Environmentally benign coatings project wins national award

Posted by
On December 13, 2012

A Missouri University of Science and Technology effort to investigate environmentally benign, corrosion-resistant coatings for military aircraft and other weapons systems has received national recognition from the U.S. Defense Department.


Bill Fahrenholtz, left, and Matt O’Keefe used Missouri S&T’s focused ion beam technology to analyze rare-earth compounds that could be used in coatings for aircraft, such as the Air Force’s F-15 Eagle, below. (F-15 photo by U.S. Air Force/Senior Airman Brett Clashman.)


The Missouri S&T project was selected as a 2012 Project of the Year for the Weapon Systems and Platforms program within the Defense Department’s Strategic Environmental Research and Development Program. The Missouri S&T project was one of four selected by SERDP for helping the agency “achieve its mission while improving its environmental performance,” SERDP says in its announcement of the winning programs.

Led by Dr. Bill Fahrenholtz, Curators’ Professor of ceramic engineering and a senior investigator in Missouri S&T’s Materials Research Center, and Dr. Matt O’Keefe, professor of metallurgical engineering and director of the MRC, the Missouri S&T researchers worked with Dr. Eric Morris and Rich Albers, researchers with Deft Inc. of Irvine, Calif., to understand the corrosion-protection mechanisms for rare-earth-based corrosion coatings for use on military aircraft. These rare-earth compounds are believed to be less harmful to the environment than conventional coating materials.

Most coating systems used for military aircraft contain hexavalent chromium, a toxic and carcinogenic substance. In 2009, the Pentagon adopted a policy to eliminate the use of compounds containing hexavalent chromium.

The Missouri S&T and Deft team “have made fundamental discoveries in understanding how rare-earth compounds containing cerium or praseodymium inhibit corrosion,” SERDP says. “Not only does the research of Dr. Fahrenholtz and his team represent a significant scientific achievement, it also exemplifies a highly successful collaborative effort between a university and private industry.

“The results of this project will provide direction for further development of rare-earth compounds as surface treatments and coatings for the military that will reduce the use of toxic … compounds while providing corrosion protection,” SERDP says.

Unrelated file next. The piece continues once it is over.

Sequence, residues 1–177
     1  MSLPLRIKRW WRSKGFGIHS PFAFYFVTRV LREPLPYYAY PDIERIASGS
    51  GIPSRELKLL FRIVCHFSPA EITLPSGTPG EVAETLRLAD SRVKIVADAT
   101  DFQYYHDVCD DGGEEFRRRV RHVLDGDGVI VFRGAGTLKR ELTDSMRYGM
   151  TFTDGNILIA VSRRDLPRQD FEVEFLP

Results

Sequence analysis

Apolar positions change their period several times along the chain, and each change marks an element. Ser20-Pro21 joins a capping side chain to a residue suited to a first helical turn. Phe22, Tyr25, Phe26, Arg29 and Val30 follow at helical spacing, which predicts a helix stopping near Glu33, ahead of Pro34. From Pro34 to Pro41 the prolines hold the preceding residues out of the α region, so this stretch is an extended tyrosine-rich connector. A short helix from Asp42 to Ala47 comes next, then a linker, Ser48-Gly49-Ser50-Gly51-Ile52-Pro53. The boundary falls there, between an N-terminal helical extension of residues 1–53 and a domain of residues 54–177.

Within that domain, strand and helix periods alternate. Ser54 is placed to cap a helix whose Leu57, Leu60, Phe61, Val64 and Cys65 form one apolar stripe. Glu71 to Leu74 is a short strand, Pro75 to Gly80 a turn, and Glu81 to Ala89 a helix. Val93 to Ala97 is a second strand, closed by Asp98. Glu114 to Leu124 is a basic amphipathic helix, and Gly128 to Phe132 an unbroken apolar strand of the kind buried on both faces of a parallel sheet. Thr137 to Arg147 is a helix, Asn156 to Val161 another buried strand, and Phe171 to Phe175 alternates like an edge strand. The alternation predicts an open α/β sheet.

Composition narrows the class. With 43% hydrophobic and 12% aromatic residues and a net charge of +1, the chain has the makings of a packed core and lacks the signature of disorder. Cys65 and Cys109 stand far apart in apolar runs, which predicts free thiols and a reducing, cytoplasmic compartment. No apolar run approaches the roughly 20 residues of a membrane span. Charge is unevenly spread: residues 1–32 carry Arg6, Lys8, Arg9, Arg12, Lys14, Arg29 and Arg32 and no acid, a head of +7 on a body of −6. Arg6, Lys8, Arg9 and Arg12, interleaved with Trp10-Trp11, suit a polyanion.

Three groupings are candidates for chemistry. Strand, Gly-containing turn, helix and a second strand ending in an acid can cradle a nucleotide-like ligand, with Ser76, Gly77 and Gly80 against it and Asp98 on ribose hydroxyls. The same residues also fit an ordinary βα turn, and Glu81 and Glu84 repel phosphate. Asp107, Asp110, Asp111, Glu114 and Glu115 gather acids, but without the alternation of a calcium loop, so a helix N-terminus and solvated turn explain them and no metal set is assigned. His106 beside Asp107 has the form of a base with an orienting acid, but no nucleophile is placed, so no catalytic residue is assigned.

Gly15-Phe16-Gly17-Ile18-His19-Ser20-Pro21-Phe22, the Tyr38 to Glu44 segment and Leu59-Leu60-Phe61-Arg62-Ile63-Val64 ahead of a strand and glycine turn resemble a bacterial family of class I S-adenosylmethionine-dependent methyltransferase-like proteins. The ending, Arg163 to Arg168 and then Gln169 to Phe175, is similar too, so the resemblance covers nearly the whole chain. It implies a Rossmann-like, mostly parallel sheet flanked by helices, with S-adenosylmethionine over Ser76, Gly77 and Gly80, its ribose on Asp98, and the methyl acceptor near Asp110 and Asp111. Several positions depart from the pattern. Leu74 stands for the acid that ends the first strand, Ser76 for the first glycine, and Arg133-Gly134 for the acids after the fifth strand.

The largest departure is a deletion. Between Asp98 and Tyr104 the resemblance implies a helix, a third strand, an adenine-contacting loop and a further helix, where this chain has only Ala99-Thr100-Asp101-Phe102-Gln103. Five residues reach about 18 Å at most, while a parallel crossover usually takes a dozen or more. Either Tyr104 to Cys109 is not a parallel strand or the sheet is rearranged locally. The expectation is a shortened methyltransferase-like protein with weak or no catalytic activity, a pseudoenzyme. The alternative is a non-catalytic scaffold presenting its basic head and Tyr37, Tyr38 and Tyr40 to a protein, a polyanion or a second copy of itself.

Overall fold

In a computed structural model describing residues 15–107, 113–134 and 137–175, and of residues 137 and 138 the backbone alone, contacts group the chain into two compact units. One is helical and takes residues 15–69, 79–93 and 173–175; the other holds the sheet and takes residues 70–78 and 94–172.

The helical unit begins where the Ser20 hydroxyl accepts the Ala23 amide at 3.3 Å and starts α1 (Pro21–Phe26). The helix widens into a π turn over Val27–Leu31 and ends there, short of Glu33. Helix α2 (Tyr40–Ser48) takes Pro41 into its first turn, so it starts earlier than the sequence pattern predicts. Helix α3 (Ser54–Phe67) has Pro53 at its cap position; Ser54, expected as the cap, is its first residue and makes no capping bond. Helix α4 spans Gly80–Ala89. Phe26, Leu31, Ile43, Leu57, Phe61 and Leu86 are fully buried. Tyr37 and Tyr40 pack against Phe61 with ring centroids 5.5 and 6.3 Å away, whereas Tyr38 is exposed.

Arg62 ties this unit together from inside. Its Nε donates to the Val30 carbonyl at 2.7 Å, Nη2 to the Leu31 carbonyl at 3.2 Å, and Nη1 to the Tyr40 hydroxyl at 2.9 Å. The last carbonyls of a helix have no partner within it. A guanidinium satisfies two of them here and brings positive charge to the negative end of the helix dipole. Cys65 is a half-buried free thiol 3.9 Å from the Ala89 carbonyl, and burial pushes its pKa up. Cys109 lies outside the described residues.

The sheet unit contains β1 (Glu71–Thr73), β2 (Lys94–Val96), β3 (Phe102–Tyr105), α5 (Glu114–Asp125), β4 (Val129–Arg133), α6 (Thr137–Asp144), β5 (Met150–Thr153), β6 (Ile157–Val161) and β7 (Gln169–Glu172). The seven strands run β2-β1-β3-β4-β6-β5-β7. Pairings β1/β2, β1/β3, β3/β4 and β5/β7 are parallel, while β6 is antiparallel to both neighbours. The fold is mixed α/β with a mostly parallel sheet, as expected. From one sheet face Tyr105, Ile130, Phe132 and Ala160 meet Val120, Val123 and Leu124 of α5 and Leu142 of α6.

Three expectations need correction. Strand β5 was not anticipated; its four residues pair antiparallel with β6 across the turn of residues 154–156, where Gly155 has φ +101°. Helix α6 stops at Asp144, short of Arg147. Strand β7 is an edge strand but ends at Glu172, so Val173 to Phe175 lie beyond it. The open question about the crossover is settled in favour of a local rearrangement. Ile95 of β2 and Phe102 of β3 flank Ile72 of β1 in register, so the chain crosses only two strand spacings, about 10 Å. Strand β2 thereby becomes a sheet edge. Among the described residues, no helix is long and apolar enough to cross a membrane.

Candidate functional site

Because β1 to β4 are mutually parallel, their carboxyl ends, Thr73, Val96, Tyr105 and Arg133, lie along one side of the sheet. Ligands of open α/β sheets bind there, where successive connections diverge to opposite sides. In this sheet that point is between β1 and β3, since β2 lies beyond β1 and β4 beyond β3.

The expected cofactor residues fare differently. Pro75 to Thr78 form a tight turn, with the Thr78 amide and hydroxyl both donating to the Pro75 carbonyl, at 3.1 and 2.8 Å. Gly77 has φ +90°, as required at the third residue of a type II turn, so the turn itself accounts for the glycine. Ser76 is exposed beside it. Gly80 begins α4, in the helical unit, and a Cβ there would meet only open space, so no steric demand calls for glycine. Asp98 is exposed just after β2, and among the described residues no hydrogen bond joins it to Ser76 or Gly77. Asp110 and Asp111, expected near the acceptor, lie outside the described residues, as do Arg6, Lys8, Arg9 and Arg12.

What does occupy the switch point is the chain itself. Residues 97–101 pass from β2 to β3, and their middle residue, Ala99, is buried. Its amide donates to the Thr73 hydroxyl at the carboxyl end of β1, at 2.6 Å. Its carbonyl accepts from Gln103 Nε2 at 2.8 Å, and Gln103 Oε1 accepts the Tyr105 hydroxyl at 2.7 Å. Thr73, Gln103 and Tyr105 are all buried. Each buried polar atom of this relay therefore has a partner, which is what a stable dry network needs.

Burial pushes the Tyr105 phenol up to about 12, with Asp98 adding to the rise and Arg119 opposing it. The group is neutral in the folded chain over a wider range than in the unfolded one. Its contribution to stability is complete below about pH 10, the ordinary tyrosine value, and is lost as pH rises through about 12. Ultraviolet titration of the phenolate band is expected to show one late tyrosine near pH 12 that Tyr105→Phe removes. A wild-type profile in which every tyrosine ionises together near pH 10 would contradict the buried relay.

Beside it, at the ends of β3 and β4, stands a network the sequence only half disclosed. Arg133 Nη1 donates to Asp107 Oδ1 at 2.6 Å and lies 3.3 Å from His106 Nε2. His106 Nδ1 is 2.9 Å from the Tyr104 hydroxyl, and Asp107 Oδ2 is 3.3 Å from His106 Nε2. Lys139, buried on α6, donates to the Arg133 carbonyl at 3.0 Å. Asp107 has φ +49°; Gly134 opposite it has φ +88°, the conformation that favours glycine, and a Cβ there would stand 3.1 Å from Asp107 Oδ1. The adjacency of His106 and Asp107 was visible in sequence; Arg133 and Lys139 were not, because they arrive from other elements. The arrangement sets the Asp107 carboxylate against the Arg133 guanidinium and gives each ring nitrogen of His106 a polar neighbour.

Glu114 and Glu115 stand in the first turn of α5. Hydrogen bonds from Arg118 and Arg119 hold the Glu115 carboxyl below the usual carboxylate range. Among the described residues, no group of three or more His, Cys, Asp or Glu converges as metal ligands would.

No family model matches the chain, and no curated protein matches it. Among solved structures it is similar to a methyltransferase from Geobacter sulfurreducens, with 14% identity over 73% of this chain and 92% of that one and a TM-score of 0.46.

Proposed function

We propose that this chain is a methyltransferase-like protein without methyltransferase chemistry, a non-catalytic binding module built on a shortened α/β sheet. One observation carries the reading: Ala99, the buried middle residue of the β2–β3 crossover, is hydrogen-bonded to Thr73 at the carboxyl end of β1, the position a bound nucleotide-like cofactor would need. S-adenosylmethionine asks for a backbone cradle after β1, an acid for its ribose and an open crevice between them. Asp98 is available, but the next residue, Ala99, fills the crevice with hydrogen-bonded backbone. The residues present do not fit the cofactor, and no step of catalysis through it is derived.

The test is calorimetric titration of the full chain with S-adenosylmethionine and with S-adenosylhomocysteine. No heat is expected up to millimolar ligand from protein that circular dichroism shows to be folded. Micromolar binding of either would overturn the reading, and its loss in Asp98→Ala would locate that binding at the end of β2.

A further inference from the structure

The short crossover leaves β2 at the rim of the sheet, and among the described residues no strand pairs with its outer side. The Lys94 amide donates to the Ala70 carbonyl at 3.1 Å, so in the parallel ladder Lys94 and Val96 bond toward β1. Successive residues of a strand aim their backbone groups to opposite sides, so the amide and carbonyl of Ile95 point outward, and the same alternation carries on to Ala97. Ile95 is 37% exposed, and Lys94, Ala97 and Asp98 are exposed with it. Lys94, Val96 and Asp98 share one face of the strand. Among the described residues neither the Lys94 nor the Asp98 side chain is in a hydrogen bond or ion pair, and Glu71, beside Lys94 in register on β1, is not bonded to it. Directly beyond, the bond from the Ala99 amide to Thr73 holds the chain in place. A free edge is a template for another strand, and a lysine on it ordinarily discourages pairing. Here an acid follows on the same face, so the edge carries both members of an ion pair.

One of the coatings investigated in this project was a primer coating that contains a corrosion inhibitor based on praseodymium oxide. The corrosion inhibitor was developed at Missouri S&T as part of the thesis research of Morris under the guidance Dr. Jim Stoffer, Curators’ Professor emeritus of chemistry, and the late Dr. Tom O’Keefe, Curators’ Professor of metallurgical engineering.

Stoffer and Tom O’Keefe began research on rare-earth coatings at Missouri S&T in the mid-1980s through an effort funded by McDonnell-Douglas, which later merged with Boeing. After completing his Ph.D. at Missouri S&T, Morris was hired by Deft, which also licensed the rare-earth inhibitor technology developed at S&T. The resulting rare-earth primer is now used on several military aircraft, including F-15 fighters and Apache helicopters. The primer was cited by R&D Magazine in its 2006 R&D 100 listing of that year’s most technologically significant achievements.

Working with Fahrenholtz and O’Keefe on the project were:

  • Dr. Becky Treu, who worked on the project while a post-doctoral fellow at S&T. She is now an instructor at Moberly Area Community College in Moberly, Mo.
  • Dr. Beth Kulp of Alton, Ill., who worked on the project as a post-doctoral researcher. Kulp earned a bachelor of science degree in chemistry from Missouri S&T in 2000 and a Ph.D. in chemistry from S&T in 2009.
  • Dr. Surender Maddela, a research assistant professor in materials science and engineering at S&T.
  • James Claypool, a research engineer in Missouri S&T’s Materials Research Center.
  • Daimon Heller of St. Paul, Minn., who worked on the project as a Ph.D. student and now works for 3M. He earned a bachelor’s degree in ceramic engineering in 2006 and a Ph.D. in materials science and engineering in 2010.
  • Will Pinc of Tucson, Ariz., who worked on the project while a Ph.D. student. He earned a Ph.D. in materials science and engineering from Missouri S&T in 2010 and is now a research professor at the University of Arizona.
  • Simon Joshi of Hamilton, Ontario, Canada, who worked on the project as a Ph.D. student and is now a post-doctoral fellow at McMaster University. He earned a Ph.D. in materials science and engineering from Missouri S&T in 2010.
  • Dr. Eric Morris of Deft Inc., who earned his Ph.D. in chemistry from Missouri S&T in 2000. He was one of the inventors of the rare-earth corrosion inhibitor used in the coating that was studied in this project.
  • Rich Albers, a chemist at Deft Inc. who develops paint formulations.

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